Whichever route you choose is up to you as the business owner, but it’s important that whoever does your PAT testing has:

  • the proper equipment to do the test
  • a strong understanding of what the PAT test results mean
  • an understanding of the PAT test process

Your PAT testing cost will depend on whether you test in-house with a purchased testing machine or hire a third party to complete the assessment for you.

How do I get a PAT test certificate?

As PAT testing is not a legal requirement, there is no official PAT testing certificate for your devices. Whilst you’re not required to keep a record of the safety and maintenance of your appliances, it’s still a good idea. As well as keeping your employees and clients safe, it’s also a great tool for inventory management and insurance purposes.

How you want to track the status of your appliances is up to you. You can use a dedicated PAT testing log book, individual certificates, or stickers on each device. You can make your own or buy templates online.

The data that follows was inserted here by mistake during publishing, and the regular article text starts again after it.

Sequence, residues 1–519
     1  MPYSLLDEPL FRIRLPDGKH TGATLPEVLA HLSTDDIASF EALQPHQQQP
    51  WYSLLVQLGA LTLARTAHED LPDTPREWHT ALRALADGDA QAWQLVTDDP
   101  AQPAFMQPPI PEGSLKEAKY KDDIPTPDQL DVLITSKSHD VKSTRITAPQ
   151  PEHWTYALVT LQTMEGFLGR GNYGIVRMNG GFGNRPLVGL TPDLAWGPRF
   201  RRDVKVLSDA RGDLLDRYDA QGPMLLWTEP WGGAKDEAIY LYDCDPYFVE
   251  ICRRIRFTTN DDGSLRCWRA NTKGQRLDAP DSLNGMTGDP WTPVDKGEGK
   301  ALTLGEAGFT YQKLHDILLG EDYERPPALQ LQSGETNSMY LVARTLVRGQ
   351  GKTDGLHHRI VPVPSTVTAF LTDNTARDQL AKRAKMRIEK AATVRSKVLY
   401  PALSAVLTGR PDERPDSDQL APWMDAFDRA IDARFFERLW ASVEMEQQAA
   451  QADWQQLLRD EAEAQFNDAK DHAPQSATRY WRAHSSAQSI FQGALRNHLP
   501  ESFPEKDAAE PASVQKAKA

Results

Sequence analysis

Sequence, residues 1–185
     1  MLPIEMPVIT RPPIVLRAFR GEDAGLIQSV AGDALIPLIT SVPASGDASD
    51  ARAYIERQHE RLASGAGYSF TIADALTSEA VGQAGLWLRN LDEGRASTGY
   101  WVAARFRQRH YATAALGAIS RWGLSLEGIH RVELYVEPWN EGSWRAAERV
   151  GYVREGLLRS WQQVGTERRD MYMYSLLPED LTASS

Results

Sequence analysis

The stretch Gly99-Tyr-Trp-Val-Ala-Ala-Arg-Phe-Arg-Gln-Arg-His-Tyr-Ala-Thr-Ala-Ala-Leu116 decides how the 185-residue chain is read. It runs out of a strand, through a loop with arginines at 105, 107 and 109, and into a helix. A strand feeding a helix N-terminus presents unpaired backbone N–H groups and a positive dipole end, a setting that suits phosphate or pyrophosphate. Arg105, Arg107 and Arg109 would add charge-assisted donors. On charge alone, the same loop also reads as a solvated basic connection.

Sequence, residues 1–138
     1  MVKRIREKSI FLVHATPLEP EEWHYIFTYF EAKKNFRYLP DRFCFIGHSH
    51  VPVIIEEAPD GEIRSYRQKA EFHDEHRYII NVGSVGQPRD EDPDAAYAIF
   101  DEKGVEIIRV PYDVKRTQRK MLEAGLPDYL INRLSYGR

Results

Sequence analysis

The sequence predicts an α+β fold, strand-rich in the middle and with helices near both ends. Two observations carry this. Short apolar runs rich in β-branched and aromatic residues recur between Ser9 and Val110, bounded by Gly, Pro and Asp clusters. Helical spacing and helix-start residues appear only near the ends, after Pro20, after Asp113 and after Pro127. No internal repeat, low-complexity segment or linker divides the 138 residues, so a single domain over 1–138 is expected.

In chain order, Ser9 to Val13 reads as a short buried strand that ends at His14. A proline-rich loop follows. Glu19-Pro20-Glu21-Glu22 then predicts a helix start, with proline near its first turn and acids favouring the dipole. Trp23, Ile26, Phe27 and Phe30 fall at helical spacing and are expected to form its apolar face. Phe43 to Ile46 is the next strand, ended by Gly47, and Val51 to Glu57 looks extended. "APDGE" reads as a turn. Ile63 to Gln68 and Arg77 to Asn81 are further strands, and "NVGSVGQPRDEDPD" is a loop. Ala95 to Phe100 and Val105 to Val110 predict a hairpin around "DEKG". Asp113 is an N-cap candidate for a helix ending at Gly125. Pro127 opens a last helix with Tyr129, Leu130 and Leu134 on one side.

There’s no specific guidance on what needs to be included on your PAT test certificate but some ideas to include are:

  • appliance name/ID/serial number
  • date of test
  • name of tester
  • rating or score
  • electrical information such as voltage or fuse details

Keep the results of your PAT test in a safe and accessible place in case you ever need to look up or prove the results.

What happens if my appliances don't pass the test?